Blazing Aces! by Reiner Knizia

4 Apr

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Today, I delve into my bookshelf to talk about a book of games.  Reiner Knizia’s 1995 book (reprinted in English by Convivium Publications, and distributed by Fred Distribution in 2007) Blazing Aces! is not just a collection of rules in book form… that would be too easy.  Instead, Blazing Aces! tries to tell an actual story which occasionally breaks into detailed rules explanations.  While the story may not be enthralling, I have found many of the games to be quite enjoyable.

The story behind Aces! is that Joe Joker (or JoJo for short) has been a long time poker player in the Wild West days.  Unfortunately for JoJo, he has lost everything he owns because of poker, but still has a love for the game.  So he travels around in the West having wild adventures and inventing new card games based on poker hands as he goes along.

All told, there are 15 main games described in the book, along with variants for nearly all of them.  I was originally going to cover all 15 games, but as the review was tipping 1300 words, and I was just past the halfway point… I decided it might be best to only highlight a few of my favorite games instead.

Oregon / Portland

Oregon and Portland are both push-your-luck games.  Oregon is for 1 player only, Portland can be played by up to 4.  I lump them together, because the basic concept of the games are the same, though they do play differently.

A 17 point game of Oregon

A 16 point game of Oregon

In Oregon, you start the game by dealing 5 cards onto the table.  You then draw a card and decide to either cover one of the cards up on the table, or start a new row.  The goal of the game is to score points, based on the quality of the hands you make (a table for scoring the hands is in the book).  It is as quite pleasant variation of solitaire.

In Portland, players deal 5 cards in front of them.  They then have a choice when it is their turn.  To draw a card and cover one on the table (no option) to start a new row), or pass.   Once all players have passed for a hand, the player that has made the best hand scores the most points.  The decisions get difficult in this game because the points available double, then triple, etc etc.  Portland plays over 6 rounds.  Did I mention you never reshuffle your deck?  This game can have some very difficult choices.

4 player Portland, my triple 8s just got destroyed by a lucky straight.

4 player Portland, my triple 8s just got destroyed by a lucky straight.

Bonanza

Bonanza is a card drafting game for 2-6 players (one of three that make up the second chapter in the book).  In it, 5 cards are placed on the table.  Players have to draft one of those cards into their hand, and replace it.  Once each player has 7 cards, hands are revealed, and the best hand gets the most points.  There’s a surprising mount of bluffing in this game, and I like it quite a bit.

Halfway through a game of Bonanza, a card drafting game.  I could go for the flush, or the straight.  Protip: I got neither.

Halfway through a game of Bonanza, a card drafting game. I could go for the flush, or the straight. Spoiler: I got neither.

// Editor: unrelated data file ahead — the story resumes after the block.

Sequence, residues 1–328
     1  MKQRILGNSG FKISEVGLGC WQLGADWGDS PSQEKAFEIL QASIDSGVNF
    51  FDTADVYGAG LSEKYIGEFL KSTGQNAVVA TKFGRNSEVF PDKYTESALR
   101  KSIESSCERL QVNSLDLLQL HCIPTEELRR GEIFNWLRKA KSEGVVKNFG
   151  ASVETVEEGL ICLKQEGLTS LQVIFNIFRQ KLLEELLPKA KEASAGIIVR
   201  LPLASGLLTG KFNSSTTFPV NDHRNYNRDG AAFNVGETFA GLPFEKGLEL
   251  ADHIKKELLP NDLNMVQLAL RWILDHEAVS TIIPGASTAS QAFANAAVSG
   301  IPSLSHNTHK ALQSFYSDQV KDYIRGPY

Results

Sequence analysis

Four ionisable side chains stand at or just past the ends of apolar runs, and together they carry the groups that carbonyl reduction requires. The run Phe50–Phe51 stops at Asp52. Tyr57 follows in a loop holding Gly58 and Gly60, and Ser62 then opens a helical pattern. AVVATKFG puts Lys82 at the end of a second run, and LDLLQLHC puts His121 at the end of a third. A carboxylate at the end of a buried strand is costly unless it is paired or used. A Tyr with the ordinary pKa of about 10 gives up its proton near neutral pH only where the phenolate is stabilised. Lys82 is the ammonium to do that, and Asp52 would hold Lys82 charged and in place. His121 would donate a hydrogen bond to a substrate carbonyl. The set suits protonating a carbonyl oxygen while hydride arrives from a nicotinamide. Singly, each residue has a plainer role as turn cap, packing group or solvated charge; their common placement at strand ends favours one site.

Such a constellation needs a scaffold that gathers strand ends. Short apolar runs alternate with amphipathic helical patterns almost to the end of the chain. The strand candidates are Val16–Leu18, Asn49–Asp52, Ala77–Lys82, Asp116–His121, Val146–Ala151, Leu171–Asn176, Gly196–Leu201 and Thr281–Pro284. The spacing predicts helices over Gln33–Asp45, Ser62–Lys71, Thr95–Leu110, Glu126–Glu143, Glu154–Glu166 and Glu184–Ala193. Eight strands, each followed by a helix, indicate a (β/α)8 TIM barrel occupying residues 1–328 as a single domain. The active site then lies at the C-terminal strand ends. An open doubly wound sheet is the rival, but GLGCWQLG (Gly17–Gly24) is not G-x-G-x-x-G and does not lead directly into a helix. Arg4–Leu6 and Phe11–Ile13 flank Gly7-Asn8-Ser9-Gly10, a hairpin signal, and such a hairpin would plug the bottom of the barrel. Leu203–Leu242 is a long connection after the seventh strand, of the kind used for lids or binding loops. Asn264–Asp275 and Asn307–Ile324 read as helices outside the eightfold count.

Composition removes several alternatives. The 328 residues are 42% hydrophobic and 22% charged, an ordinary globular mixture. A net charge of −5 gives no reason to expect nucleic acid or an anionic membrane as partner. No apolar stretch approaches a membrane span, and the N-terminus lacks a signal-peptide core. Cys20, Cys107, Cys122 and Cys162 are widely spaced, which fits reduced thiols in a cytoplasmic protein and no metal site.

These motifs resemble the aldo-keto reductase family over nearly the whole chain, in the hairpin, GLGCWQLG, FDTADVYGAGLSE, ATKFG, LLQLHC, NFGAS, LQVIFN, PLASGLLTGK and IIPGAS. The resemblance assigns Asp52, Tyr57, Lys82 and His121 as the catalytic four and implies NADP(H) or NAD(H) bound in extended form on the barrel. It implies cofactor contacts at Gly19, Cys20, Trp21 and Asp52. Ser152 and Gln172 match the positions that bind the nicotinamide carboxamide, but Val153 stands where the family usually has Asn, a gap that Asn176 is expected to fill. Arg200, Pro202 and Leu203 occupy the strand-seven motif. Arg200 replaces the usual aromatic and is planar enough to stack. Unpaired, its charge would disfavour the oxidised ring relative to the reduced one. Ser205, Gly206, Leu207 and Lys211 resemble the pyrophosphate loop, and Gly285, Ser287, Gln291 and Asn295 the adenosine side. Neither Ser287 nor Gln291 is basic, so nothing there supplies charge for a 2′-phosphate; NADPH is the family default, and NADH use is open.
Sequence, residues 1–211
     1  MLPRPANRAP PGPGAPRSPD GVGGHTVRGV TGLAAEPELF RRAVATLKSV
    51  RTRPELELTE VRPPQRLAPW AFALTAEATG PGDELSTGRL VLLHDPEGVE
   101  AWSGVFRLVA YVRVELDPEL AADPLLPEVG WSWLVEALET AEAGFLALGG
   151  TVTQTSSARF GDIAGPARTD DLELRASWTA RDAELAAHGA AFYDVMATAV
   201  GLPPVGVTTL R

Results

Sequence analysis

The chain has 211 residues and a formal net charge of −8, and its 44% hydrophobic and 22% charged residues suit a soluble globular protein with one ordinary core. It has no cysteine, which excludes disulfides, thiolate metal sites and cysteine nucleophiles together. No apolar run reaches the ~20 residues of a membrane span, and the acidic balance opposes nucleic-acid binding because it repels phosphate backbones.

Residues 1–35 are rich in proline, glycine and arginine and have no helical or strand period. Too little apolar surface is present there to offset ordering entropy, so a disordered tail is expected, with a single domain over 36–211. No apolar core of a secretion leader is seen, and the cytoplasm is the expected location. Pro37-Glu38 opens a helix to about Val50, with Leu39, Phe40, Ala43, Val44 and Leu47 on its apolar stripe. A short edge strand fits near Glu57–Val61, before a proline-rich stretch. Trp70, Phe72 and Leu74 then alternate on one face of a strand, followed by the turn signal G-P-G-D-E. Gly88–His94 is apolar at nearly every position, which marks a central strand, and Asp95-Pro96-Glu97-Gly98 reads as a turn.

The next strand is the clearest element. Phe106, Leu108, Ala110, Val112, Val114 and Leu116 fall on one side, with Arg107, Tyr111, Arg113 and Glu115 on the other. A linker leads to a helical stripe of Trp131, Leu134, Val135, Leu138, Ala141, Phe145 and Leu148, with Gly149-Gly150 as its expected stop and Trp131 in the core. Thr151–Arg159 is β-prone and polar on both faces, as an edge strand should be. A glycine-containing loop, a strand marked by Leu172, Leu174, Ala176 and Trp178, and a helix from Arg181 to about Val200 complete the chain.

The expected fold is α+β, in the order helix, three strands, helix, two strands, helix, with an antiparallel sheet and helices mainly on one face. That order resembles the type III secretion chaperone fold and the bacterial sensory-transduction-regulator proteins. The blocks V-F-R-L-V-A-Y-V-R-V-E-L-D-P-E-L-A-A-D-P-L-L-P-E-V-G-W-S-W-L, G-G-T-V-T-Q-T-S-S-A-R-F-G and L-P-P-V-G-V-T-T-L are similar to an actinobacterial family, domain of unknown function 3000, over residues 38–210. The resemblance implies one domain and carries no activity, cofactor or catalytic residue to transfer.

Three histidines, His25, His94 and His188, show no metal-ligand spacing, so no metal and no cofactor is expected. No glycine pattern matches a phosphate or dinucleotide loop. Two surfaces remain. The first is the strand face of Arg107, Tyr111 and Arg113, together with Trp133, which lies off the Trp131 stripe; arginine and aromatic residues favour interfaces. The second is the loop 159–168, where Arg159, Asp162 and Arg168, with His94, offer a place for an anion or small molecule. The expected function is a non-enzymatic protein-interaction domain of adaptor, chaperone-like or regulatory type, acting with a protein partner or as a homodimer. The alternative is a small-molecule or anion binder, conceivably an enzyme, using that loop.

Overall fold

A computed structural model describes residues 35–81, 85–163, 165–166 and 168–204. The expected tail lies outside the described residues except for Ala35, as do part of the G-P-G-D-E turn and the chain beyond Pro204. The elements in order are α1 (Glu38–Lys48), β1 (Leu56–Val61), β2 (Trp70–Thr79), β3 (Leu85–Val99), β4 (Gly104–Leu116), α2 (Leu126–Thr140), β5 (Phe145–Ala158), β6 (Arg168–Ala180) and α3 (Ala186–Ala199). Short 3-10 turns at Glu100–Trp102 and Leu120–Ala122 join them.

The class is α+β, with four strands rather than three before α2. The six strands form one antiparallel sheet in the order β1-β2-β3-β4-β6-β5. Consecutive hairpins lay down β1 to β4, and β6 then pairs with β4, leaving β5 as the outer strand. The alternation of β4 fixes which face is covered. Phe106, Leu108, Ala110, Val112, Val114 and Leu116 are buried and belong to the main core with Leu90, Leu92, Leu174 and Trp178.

Thinkabit

Basically, this is poker Memory or Concentration.  Flip 5 cards over, if you make a poker hand, collect all the cards…unless you only made 1 or 2 pair, in which case you only keep one of the cards.  A surprisingly difficult game, if only because you’re trying to mentally juggle the locations of up to 5 cards at a time, instead of just 2.  I also like to play this with my multi-colored suit deck, to throw players off just a bit more.

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Thinkabit – Basically Memory / Concentration with poker hands. It’s harder than you think, this early game straight was pure luck (for my opponent).

 The thing I most like about this book is the variety of games.  There are card drafting games, auction games, card Yahtzee, Liar’s Dice has a poker variant, and there’s even a real-time party game (imagine Pit with 20 people playing at the same time…that’s Stampede).  What I don’t like about the book is the contrived story that they try to fit the games into.  Each game is explained as though you were actually at the table with JoJo.  I found this incredibly annoying.  Especially for the more complicated games (High-Low is a noticeable example).  The art is also nothing to write home about.

East-West, very much like Lost Cities / Battle Line with players playing off a shared middle card.

East-West, very much like Lost Cities / Battle Line with players playing off a shared middle card.

Blazing Aces! is a great book to have around if you’re looking for some quick time-waster games.  I doubt anything in this book will become a classic like cribbage, or poker itself.  However, I think if you can get by the way the games are presented, you will find some quality game play.

 

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One Response to “Blazing Aces! by Reiner Knizia”

  1. online poker cheats reviews April 9, 2013 at 10:17 am #

    What’s up mates, how is the whole thing, and what you want to say concerning this article, in my view its really remarkable in favor of me.

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